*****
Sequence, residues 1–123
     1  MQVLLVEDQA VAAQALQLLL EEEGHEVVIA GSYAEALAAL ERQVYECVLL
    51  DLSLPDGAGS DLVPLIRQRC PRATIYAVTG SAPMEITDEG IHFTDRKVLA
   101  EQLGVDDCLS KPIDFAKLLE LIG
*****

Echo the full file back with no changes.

Sequence, residues 1–123
     1  MQVLLVEDQA VAAQALQLLL EEEGHEVVIA GSYAEALAAL ERQVYECVLL
    51  DLSLPDGAGS DLVPLIRQRC PRATIYAVTG SAPMEITDEG IHFTDRKVLA
   101  EQLGVDDCLS KPIDFAKLLE LIG